Assimilating and accommodating

The preferred learning style is dependent on the learner’s two dominant modes of the four phases of the learning cycle Kolb and Kolb (2005) define the four learning styles as follows: diverging, assimilating, converging, and accommodating.A brief summary of each learning style follows; summarized from The Kolb Learning Style Inventory – Version 3.1 – 2005 Technical Specifications, p. Diverging An individual with diverging style has CE and RO as dominant learning abilities.

Kolb and Kolb (2005) explain that hereditary make-up, unique life experiences and the demands of our present environment, all contribute to developing a preferred learning mode (p. They also indicate that we resolve the conflict between being concrete or abstract and between being active or reflective in four patterned, characteristic ways: diverging, assimilating, converging, or accommodating (p. These four patterns are the defined learning styles in Kolb’s LSI.

Kolb and Kolb (2005) created the LSI to fulfill two purposes: The Kolb Learning Style Inventory identifies four learning styles that are associated with the four patterned characteristic approaches to learning: diverging, assimilating, converging, and accommodating.

Kolb and Kolb (2005) describe experiential learning as a process of constructing knowledge from a creative tension among the four learning modes that is responsive to contextual demands.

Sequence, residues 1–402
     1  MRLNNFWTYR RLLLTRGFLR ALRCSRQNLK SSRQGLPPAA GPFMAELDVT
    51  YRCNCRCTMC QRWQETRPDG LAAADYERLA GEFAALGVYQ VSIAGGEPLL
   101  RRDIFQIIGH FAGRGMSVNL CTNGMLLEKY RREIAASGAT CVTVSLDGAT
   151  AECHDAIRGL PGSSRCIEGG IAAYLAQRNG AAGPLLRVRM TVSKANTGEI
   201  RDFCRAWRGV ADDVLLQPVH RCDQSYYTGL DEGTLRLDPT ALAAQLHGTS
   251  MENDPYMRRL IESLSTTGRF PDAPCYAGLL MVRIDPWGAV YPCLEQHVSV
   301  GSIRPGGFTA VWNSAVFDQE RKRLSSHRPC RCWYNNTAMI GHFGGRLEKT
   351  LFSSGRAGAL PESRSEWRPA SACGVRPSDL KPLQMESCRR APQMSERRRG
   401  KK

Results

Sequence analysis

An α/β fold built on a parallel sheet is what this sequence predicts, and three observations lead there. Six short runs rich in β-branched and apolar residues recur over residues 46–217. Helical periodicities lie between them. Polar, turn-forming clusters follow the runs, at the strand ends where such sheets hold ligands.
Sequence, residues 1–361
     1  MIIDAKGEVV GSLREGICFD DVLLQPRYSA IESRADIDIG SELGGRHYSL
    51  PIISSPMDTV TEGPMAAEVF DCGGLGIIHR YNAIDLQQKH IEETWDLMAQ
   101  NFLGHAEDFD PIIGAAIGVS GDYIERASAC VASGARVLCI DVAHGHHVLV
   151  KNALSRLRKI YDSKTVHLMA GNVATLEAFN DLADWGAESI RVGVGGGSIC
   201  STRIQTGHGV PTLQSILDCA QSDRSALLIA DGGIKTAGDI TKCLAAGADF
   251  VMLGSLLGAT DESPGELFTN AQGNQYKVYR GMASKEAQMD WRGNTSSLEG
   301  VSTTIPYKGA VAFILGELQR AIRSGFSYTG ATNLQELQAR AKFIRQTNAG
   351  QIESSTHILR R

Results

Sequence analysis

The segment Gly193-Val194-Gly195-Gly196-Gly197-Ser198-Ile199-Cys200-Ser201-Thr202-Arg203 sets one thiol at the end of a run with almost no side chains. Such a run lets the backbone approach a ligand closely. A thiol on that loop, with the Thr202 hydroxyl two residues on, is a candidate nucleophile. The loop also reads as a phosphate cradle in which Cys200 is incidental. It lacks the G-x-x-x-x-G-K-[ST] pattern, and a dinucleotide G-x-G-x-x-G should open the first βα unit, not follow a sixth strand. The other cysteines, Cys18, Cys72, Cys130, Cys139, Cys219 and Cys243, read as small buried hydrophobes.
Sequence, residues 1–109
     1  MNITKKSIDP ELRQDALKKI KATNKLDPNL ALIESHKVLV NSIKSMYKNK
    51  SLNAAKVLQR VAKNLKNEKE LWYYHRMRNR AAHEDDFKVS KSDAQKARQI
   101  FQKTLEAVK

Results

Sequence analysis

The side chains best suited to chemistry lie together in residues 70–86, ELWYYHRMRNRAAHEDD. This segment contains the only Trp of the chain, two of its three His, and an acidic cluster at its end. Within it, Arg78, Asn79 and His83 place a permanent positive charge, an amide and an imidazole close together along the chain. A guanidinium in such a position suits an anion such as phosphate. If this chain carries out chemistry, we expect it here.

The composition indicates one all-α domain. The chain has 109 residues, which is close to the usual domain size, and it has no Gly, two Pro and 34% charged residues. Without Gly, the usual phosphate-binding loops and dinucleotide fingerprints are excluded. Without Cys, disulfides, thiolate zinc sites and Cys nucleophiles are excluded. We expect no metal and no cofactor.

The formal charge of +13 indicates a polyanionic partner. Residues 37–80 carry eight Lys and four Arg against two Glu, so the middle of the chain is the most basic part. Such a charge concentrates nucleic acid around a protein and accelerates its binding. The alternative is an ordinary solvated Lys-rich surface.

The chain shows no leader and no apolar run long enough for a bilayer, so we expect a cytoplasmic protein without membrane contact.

This process is portrayed as an idealized learning cycle where the learner experiences all four modes – experiencing (concrete experience or CE), reflecting (reflective observation or RO), thinking (abstract conceptualization or AC), and acting (active experimentation or AE) – in a recurring process that is responsive to the learning situation and to what is being learned.

People with this learning style are best at understanding a wide range of information and putting it into concise, logical form.

People with an assimilating learning style are less focused on people and more interested in ideas and abstract concepts.

They are interested in people, tend to be imaginative and emotional, and often specialize in the arts.

Working in groups, appreciating diverse viewpoints, and receiving personal feedback are some characteristics of the diverging learning style (Kolb & Kolb, 2005, p. Assimilating An individual with an assimilating style has AC and RO as dominant learning abilities.

The ELT development model (1984) defines three stages: acquisition, specialization, and integration.

The acquisition stage occurs from birth to adolescence, and is where basic abilities and cognitive structures develop.

Much of Kolb’s research on the experiential learning theory focuses on the concept of learning style, using the Learning Style Inventory to assess individual learning styles and to help individuals identify the way they learn from experience.

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